Appeared in the Huffington Post, August 29, 2016
I’m a self-professed boundary junkie. I’m like, all over it helping clients and colleagues form and maintain excellent boundaries that are healthy and well-intentioned. At their basic form, boundaries are the idea that you create and maintain the space, time and emotion you need to achieve balance.
Some of us have challenges with where our boundaries lie on a spectrum. At one end, there’s rigidity; the inability to be flexible about our feelings, our time, our space and what we do with all of it. On the other end, opposite of rigidity we have transparency, where our boundaries are so incredibly light that they’re barely there. You can see right through them and therefore others can’t see them at all. Either end is not good.
Boundaries come in so many forms and quite literally exist everywhere. I like to think of boundaries like a fence, where I decide who comes in and when it’s time for them to leave. Like a large fence, on a farm or something, where the barn is home base. I’m the barn. The stronger the fence, the more protected the barn is. The stronger my boundaries, the more protected I am. The weaker the fence, the less protected. Working hard to install that fence can be incredibly exhausting. Sometimes, I’m not even aware of the fence I’ve built to protect my balance, until it’s been crossed. I can count on the same feeling to tell me this has happened every single time there’s an offense; it’s called resentment. It’s like my own internal alarm system that goes off when I’ve either been the one to allow the line to be crossed or someone just trespassed. Bottom line, I put someone else’s feelings ahead of my own, even when I felt it wasn’t the right thing to do.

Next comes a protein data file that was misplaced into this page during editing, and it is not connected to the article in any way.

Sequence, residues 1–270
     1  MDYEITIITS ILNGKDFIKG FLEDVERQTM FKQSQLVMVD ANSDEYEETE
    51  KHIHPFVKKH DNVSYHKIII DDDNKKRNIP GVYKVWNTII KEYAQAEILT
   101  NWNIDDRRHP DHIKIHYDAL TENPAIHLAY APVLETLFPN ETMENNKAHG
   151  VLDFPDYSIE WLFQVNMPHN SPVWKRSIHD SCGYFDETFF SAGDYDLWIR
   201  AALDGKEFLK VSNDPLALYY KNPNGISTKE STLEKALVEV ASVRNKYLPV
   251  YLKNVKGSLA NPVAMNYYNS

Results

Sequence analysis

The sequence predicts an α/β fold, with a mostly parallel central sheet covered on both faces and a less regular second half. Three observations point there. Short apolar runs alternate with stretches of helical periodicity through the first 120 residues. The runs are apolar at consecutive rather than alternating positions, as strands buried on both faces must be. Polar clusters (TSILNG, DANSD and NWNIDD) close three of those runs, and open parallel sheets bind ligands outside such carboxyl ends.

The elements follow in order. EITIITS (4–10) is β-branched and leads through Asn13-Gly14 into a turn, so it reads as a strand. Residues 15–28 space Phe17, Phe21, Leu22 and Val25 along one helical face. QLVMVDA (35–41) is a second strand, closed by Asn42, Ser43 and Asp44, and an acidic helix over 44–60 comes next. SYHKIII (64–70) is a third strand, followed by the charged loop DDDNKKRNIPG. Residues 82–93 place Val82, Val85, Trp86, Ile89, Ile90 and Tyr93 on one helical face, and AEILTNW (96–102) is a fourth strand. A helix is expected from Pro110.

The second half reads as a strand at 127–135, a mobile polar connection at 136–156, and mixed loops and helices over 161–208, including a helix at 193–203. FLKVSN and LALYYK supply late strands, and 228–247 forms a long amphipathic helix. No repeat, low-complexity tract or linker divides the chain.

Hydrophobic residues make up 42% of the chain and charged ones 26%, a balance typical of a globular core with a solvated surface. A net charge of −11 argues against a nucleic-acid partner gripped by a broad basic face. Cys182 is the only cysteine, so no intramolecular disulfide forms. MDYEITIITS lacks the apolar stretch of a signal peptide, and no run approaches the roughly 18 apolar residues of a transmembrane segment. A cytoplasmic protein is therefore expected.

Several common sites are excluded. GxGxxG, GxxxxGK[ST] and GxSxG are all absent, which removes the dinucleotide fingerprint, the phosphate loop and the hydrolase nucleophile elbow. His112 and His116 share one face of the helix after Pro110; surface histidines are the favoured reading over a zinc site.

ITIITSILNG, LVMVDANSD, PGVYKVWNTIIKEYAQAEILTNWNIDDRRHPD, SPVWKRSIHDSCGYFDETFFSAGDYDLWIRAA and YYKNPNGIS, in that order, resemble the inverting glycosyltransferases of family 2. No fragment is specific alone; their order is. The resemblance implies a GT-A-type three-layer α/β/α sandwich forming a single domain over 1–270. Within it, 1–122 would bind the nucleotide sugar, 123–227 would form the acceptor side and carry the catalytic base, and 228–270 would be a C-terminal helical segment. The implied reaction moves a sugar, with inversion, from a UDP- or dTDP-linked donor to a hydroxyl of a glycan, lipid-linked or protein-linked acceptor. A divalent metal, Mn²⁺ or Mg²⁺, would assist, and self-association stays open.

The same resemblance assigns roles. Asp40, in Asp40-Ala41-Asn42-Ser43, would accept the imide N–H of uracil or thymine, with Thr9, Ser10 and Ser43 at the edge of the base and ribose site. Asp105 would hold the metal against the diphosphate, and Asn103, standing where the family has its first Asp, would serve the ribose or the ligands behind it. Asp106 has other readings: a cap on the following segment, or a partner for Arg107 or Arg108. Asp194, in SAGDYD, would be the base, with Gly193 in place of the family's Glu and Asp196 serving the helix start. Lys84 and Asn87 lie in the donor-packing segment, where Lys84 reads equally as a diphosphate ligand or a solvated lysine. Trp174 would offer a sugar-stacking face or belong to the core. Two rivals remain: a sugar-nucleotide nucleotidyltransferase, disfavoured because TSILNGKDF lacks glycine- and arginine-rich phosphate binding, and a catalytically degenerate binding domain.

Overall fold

For those of you that have followed my story, you know that I talked about the revelation of choosing me in My Home is Full: A Story of Trauma and Resolution Over Two Decades. I’m still in the process of learning what boundaries are important to me and I’m still in the process of decreasing the time between when I feel there’s been an over-step and how I decide to re-zone. Figuring out the kinds of boundaries you want to have, and what result you want to have or feel when they’re maintained is a process. Figuring out how to handle it when there are intruders is equally as important. If you’re like me, and you don’t like conflict, then ideally work on the front end is going to weigh out work on the back end, proactive vs. reactive.
Again, the goal with boundaries is balance. Attempting to define what yours are is optimally being able to identify times when you’ve felt the most balance with yourself and those around you. If you’re feeling out of balance, overwhelmed or depleted, chances are you’re operating at one end of the spectrum. Take a look at your barn. What does the fence around it tell you?